56% Indians still don’t have a health cover
Between 2013 and 2017, standalone health insurance companies gained substantial presence in the retail segment
Only 44% of the 1.3 billion people in India have a health insurance policy as of 2017, according to a report by actuarial and consulting firm Milliman, titled ‘Indian Life and Health Insurance Sectors’.
Healthcare expenditure as a percentage of GDP is just 4.7% in India, while the US, according to Statista.com, spends about 18% of its GDP. Of the total expenditure on healthcare in India, 70% comes from the private sector, whereas the government spends only 30%, said the Milliman report. In the US, the federal and state governments contribute as much as 45%.
Also, the schemes offered by the government have many limitations. “A majority of insured population is covered under Employees’ State Insurance Scheme (ESIS) or government-sponsored schemes. Such schemes have significant coverage limitations. For example, Rashtriya Swasthya Bima Yojana (RSBY) provides a cover of only ₹30,000 for a family. ESIS provides an unlimited coverage but offers only 5 hospitals for whole of Delhi,” said Abhishek Bondia, principal officer and managing director, SecureNow.in.
In 2013-14, 76% of the population did not have any significant health coverage. However, the number dropped to 56% during 2016-17. The report calculated the number of uncovered population by subtracting all the covered persons from the population estimate provided in the National Health Profile. Of the population with health insurance, 8% are covered by insurers other than government schemes and RSBY, 26% are covered under RSBY and other government schemes, 10% under ESIS and 0.26% under the central government health scheme (CGHS).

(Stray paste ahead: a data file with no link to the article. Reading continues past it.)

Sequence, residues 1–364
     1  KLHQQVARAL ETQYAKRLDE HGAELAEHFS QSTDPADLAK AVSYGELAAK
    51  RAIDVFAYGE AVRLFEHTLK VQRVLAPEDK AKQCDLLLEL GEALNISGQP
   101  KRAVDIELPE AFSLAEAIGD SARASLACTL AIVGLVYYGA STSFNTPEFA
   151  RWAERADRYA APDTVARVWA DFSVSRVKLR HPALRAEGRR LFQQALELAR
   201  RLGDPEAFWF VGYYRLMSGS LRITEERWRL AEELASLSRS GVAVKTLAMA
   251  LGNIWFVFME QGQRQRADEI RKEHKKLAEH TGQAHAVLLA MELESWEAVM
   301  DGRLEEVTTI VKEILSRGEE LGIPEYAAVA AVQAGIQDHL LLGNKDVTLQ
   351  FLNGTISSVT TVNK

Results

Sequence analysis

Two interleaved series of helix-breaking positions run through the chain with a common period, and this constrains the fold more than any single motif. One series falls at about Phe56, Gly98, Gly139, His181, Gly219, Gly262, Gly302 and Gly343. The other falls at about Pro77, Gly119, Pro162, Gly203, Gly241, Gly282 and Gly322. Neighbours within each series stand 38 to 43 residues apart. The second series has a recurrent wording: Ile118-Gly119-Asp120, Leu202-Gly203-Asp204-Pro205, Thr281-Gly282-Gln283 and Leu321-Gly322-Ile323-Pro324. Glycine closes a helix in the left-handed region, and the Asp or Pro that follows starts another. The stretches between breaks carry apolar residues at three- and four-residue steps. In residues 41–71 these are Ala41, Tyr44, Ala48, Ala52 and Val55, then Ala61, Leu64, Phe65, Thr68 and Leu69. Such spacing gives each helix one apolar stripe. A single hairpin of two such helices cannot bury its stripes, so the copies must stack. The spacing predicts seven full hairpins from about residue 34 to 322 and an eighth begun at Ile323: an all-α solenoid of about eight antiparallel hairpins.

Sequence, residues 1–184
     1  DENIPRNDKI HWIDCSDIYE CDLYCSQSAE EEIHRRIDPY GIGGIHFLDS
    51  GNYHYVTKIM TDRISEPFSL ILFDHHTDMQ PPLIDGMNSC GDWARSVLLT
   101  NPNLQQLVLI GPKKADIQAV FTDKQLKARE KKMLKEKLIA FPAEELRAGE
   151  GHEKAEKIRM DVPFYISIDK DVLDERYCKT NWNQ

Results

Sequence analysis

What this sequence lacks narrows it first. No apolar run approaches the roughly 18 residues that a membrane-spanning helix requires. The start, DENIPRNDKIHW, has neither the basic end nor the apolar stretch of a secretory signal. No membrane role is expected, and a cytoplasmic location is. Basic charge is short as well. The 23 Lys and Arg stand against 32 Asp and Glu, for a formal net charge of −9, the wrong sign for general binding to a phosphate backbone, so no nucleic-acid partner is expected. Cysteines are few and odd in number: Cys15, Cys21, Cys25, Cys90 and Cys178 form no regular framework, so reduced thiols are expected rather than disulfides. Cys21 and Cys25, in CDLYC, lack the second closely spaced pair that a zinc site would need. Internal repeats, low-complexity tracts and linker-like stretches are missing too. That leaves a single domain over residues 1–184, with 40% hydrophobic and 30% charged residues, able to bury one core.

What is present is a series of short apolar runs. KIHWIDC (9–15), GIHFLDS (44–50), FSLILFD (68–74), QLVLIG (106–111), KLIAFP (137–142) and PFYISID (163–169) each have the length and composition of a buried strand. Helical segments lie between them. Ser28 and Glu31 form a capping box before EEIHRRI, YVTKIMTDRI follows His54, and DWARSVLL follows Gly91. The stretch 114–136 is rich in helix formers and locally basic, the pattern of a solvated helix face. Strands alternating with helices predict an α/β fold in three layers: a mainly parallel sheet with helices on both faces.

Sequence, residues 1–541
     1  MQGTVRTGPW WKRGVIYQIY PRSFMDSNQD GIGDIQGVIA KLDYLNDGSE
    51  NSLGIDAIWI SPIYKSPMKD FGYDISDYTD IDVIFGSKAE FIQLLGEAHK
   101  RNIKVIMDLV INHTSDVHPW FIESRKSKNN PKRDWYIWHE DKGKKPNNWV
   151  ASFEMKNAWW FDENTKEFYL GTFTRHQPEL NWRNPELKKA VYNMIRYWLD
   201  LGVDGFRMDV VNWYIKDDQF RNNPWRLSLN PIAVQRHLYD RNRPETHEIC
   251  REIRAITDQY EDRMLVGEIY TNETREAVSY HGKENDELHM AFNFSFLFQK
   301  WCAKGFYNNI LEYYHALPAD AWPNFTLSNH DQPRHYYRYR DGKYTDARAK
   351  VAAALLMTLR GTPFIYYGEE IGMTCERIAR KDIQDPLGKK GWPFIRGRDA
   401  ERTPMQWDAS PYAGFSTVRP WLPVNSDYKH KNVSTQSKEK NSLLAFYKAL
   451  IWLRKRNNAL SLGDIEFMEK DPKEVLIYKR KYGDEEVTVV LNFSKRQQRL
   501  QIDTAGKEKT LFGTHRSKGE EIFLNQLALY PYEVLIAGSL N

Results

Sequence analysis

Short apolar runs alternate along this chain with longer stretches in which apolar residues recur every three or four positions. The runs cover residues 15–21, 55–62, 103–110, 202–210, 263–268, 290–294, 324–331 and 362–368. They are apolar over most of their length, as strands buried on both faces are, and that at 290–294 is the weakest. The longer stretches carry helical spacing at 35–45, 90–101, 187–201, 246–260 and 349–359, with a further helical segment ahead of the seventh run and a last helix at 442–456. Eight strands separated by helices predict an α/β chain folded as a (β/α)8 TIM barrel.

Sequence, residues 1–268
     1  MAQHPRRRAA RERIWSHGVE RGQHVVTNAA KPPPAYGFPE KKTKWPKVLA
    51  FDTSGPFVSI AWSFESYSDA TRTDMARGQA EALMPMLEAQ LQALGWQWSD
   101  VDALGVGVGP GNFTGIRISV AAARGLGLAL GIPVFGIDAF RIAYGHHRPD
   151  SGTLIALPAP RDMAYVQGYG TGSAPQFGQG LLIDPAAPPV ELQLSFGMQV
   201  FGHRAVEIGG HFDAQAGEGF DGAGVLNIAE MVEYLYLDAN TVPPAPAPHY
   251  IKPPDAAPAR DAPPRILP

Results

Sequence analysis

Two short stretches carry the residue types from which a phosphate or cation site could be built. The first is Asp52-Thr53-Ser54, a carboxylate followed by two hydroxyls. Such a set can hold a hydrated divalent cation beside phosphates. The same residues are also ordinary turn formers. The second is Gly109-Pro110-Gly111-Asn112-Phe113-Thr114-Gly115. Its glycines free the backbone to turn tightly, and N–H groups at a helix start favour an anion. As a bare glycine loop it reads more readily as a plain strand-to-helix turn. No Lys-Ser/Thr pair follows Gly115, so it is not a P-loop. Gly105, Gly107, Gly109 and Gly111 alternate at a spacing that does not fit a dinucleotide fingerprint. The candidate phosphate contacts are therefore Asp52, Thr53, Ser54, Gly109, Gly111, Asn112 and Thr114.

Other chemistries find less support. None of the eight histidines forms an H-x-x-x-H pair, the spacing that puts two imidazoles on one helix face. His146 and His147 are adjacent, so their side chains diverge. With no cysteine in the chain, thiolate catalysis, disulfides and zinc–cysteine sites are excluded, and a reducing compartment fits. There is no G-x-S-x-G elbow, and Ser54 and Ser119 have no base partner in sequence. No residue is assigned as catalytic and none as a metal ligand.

“Government should remove disincentives on health insurance. For example, indirect taxes on individual health insurance have increased from 12.5% to 18% over the last few years. GST on individual health insurance should be reduced. This will have a direct impact on an individual’s ability to buy cover,” added Bondia.
The market share, in terms of the number of people covered, of public non-life insurer increased to 63% in 2017 and that of private insurers was 18%. “Public sector non-life insurers had a first mover advantage. They carry a legacy book. Also, PSU insurers take the lead in participation in large programs such as government sponsored schemes and group insurances of other PSU units,” said Bondia.
According to the report, between 2013 and 2017, standalone health insurers gained substantial presence in the retail segment. “Stand-alone health insurers are specialists and hence are able to innovate on the product as well as servicing side. With increasing and directed focus towards health products alone, stand-alone insurers are able to provide solutions for fulfilling customer needs which were considered difficult to meet earlier,” said Ashish Mehrotra, managing director and chief executive officer, Max Bupa Health Insurance.
According to the report, Ayushman Bharat will upgrade over 150,000 sub-centres to health and wellness centres by 2022. Until now, all public sector hospitals and more than 9,000 private hospitals have been empanelled and more than 38,000 patients were hospitalised in the first two weeks of the launch. For people who are not eligible for government schemes, Ayushman Bharat will encourage them to buy private insurance, said Bondia.
Ayushman Bharat will help increase health insurance penetration, said Mehrotra. “Also, since the basic cover would now be available through Ayushman Bharat, the focus of insurers would be towards developing solutions for meeting other out-of-pocket expenses like OPD, pharmacy, diagnostics etc. which are currently at about 65% of the overall healthcare spends,” he added.
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